NNN – No New News? – 10 years in prison for illegal streaming? It’s in the Covid-19 relief bill – 12:02 PM ET, Tue December 22, 2020
New York (CNN Business)Tucked away in the more than 5,000-page long Covid-19 stimulus bill is a new law that severely punishes streamers that pirate large amounts of copyrighted content.You probably have nothing to worry about: The “Protecting Lawful Streaming Act,” which was introduced earlier this month by Senator Thom Tillis, a Republican from North Carolina, doesn’t target casual internet users. The law specifies that it doesn’t apply to people who use illegal streaming services or “individuals who access pirated streams or unwittingly stream unauthorized copies of copyrighted works.”Rather, it’s focused on “commercial, for-profit streaming piracy services” that make money from illegally streaming copyrighted material.
Tillis said that this practice costs the US economy nearly $30 billion yearly.
The Senate races in Georgia will shape the economic recovery“This commonsense legislation was drafted with the input of creators, user groups, and technology companies and is narrowly targeted so that only criminal organizations are punished and that no individual streamer has to worry about the fear of prosecution,” he wrote in a statement.
If a violator is prosecuted, they could be imprisoned up to 10 years for multiple offenses, and they could be fined.Enter your email or view the Vault By CNN webpage to own a piece of CNN History with blockchain technology.close dialog
Own a piece of history with Vault by CNN. We’re offering you a new way to experience historic moments.Explore NowGet UpdatesThe bipartisan bill has support from five Democratic senators and four Republicans. It also has support from two groups including Public Knowledge, a consumer advocacy group, which called the bill “narrowly tailored” so it doesn’t affect regular internet users.”We appreciate Senator Tillis’ decision to release the text of his proposal, and his leadership in bringing in consumer groups to the table, listening to our concerns, and working to prevent risk to end users and legitimate streamers and streaming platforms,” Meredith Rose, Public Knowledge’s senior policy counsel, said in a statement.In a separate response, the National Association of Broadcasters said it “strongly supports” the law.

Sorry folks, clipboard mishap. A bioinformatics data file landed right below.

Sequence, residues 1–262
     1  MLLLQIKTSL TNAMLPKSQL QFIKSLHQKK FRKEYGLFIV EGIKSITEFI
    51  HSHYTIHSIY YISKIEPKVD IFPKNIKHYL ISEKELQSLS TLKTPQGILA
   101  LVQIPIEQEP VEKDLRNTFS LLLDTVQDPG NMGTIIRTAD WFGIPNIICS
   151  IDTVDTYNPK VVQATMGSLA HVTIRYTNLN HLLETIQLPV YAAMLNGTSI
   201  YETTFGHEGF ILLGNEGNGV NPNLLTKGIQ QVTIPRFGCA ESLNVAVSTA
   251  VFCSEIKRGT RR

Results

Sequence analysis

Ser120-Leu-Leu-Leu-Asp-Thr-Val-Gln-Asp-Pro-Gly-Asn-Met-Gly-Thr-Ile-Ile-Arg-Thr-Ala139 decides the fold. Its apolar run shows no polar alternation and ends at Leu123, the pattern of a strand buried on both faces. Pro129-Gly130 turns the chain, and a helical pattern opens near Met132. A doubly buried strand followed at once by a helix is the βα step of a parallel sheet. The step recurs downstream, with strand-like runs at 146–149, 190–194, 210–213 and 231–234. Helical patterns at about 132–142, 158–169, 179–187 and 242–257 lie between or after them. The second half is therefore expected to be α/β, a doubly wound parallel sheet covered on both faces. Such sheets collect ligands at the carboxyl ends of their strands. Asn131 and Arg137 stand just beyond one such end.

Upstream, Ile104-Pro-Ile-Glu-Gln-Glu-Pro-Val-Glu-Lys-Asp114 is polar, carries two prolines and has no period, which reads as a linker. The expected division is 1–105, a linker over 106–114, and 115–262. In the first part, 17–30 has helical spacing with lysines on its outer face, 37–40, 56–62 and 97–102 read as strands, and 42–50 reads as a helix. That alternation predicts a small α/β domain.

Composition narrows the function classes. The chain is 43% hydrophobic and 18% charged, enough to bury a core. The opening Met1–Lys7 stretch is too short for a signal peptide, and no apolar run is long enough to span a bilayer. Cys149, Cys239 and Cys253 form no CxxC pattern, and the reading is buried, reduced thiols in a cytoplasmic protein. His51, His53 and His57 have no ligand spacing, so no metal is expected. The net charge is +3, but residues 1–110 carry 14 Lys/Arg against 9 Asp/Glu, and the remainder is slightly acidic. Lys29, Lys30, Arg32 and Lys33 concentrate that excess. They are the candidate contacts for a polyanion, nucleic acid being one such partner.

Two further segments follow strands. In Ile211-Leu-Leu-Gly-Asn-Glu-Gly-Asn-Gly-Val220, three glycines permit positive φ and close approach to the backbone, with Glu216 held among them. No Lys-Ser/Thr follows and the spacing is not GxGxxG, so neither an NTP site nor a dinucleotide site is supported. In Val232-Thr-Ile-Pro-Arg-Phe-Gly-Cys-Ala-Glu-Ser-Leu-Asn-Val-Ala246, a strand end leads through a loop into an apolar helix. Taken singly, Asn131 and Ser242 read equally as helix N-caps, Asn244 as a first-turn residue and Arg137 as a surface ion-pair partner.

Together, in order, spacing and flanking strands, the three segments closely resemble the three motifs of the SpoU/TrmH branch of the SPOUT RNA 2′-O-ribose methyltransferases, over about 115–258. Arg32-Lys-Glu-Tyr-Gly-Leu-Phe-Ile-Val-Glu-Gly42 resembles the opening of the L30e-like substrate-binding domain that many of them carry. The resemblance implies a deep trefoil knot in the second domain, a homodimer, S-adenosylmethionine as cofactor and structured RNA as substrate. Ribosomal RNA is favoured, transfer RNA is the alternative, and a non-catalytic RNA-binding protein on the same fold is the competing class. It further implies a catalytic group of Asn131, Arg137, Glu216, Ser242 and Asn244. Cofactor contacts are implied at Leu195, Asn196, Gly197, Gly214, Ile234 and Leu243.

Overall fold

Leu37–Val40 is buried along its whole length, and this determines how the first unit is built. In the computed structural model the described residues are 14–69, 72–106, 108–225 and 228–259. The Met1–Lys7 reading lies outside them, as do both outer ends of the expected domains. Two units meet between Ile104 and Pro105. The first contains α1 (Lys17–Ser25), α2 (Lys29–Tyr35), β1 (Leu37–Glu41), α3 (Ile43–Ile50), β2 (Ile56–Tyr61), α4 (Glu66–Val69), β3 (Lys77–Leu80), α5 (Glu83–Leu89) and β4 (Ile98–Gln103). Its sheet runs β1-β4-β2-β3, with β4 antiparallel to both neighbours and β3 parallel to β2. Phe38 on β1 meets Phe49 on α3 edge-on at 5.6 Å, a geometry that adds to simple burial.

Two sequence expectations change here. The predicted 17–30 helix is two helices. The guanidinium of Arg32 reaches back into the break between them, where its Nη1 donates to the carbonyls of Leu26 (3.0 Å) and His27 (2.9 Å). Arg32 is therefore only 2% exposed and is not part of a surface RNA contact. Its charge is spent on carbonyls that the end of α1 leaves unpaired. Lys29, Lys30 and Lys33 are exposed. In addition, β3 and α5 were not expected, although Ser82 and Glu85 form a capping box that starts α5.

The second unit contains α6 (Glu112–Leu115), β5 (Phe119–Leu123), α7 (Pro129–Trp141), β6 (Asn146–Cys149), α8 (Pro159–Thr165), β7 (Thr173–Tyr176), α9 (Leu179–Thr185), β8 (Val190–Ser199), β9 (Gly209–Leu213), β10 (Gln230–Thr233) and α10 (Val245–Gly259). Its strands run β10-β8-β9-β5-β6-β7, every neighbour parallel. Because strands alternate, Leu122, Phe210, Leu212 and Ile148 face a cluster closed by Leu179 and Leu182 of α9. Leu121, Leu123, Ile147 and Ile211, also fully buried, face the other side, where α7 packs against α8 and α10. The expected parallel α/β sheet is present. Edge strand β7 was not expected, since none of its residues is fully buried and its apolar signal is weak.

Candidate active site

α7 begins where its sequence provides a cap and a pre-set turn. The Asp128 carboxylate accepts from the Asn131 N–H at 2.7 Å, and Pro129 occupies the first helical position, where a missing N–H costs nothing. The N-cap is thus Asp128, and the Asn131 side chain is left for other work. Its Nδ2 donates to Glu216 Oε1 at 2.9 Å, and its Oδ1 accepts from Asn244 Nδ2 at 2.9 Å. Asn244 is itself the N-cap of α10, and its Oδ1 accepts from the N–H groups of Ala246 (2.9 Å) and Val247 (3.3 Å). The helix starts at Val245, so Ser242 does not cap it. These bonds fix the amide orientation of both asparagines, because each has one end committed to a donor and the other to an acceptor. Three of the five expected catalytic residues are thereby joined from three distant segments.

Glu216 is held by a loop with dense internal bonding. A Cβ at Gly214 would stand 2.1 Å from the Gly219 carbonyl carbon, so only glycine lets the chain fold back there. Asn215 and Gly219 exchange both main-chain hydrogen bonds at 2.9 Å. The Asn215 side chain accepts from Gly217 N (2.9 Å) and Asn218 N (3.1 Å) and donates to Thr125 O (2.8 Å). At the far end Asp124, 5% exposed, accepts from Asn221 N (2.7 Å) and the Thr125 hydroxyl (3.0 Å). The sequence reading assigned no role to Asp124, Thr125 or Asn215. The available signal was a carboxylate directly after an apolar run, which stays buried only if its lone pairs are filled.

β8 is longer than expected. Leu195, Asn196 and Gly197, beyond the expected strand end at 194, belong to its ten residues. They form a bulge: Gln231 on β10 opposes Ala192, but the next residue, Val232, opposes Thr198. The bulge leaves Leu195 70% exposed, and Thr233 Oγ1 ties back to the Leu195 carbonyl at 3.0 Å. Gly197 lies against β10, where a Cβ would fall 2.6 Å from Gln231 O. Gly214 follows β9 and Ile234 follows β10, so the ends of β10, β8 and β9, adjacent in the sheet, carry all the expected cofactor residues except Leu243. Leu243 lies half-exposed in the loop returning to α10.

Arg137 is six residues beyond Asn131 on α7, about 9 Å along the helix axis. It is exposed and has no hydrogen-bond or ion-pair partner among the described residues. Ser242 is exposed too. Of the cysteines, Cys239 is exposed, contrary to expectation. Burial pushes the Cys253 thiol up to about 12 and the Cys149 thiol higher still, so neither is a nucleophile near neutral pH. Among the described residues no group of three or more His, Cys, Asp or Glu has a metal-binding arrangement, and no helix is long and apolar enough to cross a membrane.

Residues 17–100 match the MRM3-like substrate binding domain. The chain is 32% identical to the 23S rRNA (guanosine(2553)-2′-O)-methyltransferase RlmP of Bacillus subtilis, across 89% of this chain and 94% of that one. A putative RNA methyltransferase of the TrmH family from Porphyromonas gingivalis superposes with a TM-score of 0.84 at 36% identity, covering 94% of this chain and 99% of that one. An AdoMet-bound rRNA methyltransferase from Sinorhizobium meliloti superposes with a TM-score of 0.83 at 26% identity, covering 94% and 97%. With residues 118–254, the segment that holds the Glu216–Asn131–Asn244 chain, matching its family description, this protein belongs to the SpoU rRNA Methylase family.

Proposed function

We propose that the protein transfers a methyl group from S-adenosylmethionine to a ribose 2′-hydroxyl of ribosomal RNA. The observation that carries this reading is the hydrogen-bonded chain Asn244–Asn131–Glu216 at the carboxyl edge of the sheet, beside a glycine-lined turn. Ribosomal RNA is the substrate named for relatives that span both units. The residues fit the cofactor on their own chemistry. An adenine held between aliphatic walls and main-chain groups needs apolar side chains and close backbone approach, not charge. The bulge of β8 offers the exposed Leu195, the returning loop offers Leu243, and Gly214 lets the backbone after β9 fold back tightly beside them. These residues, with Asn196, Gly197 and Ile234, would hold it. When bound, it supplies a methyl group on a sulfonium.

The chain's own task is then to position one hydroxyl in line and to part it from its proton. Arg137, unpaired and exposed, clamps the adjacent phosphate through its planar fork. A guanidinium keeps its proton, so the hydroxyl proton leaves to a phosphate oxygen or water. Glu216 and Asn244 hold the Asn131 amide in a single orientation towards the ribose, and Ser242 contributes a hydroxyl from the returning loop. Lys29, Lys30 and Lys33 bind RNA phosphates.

Last year, the Department of Justice charged two computer programmers from Las Vegas for illegal pirating thousands of hours of television shows from Netflix (NFLX) and Hulu and streaming them on websites called iStreamItAll and Jetflicks. One man admitted to earning more than $1 million from his piracy operations.The “Protecting Lawful Streaming Act” could become a law as soon as this week when President Donald Trump is expected to sign the stimulus legislation.